The talented chef, Maria Elia, greeted me. She's from Cyprus. I'd forgotten my camera, so I asked if anybody had one. Someone turned up with a Polaroid. That's not good enough for a posh page like this. I requested mint tea, but they didn't have any. So I had something like camomile. It was adequate. A TV assistant announced, "There's a camera in the kitchen." I assumed he meant a camera better than a Polaroid. But it was a TV camera, because they wanted to film me greeting Maria. Then a TV company rep appeared and took a photo of us. He didn't give his name and his company declined to tell us when we asked in writing. So he has lost a photo credit. That could have opened a whole new profession for him. On the other hand, it might not have done.
I lunched at The Dorchester recently with my wife and friends and enjoyed excellent food and excellent service. However, I wonder if Michael Winner has ever been told, as I was by the restaurant staff, that the receipt showing "Vat and service included" was an error and that service was not included at all. We duly left a tip only to be told when I rang the hotel the next day that there was no misprint on the receipt and that service was indeed included. It appears The Dorchester has a communication problem.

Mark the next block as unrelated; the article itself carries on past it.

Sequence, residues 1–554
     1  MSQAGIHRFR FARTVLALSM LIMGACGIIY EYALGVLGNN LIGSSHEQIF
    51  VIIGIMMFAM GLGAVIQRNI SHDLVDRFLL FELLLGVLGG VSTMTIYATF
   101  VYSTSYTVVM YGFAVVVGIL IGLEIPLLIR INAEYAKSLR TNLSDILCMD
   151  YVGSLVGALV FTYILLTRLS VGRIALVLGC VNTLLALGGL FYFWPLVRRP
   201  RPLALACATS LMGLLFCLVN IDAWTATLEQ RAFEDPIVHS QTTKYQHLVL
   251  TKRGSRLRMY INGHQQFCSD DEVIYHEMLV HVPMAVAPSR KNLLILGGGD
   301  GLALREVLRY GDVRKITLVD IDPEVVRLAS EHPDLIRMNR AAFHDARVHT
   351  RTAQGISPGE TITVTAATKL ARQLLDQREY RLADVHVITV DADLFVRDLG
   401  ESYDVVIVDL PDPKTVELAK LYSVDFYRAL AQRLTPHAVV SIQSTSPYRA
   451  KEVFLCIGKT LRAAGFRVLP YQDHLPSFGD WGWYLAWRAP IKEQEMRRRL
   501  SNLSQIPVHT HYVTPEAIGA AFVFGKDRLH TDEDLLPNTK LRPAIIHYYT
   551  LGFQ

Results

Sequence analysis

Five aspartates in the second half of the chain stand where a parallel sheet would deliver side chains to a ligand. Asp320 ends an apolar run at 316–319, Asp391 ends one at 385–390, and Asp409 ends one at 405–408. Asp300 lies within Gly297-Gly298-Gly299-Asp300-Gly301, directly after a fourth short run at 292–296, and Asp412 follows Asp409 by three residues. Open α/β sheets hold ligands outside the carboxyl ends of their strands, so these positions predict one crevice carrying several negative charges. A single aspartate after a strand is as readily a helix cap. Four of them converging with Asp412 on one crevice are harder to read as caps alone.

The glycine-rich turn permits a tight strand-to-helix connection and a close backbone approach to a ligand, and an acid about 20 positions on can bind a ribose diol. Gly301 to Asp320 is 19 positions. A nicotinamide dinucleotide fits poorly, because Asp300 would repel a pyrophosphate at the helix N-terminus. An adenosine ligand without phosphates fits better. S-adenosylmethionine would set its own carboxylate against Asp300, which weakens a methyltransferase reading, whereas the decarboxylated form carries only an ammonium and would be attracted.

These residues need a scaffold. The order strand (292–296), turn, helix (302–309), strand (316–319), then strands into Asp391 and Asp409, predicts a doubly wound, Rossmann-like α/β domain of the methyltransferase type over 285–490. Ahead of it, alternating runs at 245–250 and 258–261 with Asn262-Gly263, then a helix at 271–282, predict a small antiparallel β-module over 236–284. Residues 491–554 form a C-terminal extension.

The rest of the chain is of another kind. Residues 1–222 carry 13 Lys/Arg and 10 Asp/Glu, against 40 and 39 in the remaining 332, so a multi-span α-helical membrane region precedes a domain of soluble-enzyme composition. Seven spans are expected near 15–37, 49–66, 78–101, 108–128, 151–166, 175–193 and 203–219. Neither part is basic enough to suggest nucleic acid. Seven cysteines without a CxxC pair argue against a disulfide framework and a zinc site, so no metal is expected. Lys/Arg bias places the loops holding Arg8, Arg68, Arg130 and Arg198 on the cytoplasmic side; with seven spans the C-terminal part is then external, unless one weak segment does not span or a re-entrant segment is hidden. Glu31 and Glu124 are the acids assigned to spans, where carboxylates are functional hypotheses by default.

Paul Davis, Stoke Bishop, Bristol
Mr Winner mentions giving a restaurant a gratuity recently of 12.5% (August 4). Can I recommend a much better idea: that he asks for a bill showing the Vat content and only tip on the meal and not on the tax.
Norman Crook, by e-mail
I asked my London-based grandson to take a French-Canadian boy to London to see the sights. Both are just 16, so imagine my astonishment when they returned and told me they had lunch at The Ivy. Both boys were dressed in T-shirts and jeans, but looked respectable. It appears they were made very welcome, enjoyed a delicious two-course lunch, paid the bill themselves and drank water. The waiter was very attentive and filled up their glasses as if they were drinking the finest wine. I would like to congratulate The Ivy for their courtesy to the boys and the fact they are obviously keeping an eye on future generations of customers.
Rachel Buxton, Englefield Green
I have an old, sadly undated menu from Wheeler's Braganza Restaurant in Frith Street, central London, which lists 22 choices of dover sole from 16s/6d to 22s/6d, including the sole capri mentioned in Mr Winner's article (July 28) at 19s/6d (97½p in decimal currency). Also available were 10 kinds of lobster at 35s/6d a throw, six variations of scampi and seven of river trout.
Peter Hinze, be e-mail
I am fascinated by the bagel/bygel debate. Our misinformed "meshugenneh" friend from the north (Letters, July 28) is displaying a high degree of "chutzpah". It makes me rock with laughter, just as much as when I hear a newscaster talking about someone being "gazumped" (Yiddish for being "swindled"), but pronouncing the u as in "pump", rather than as in "put".
Aimee Lawrence, London
Send letters to Style; or e-mail email@example.com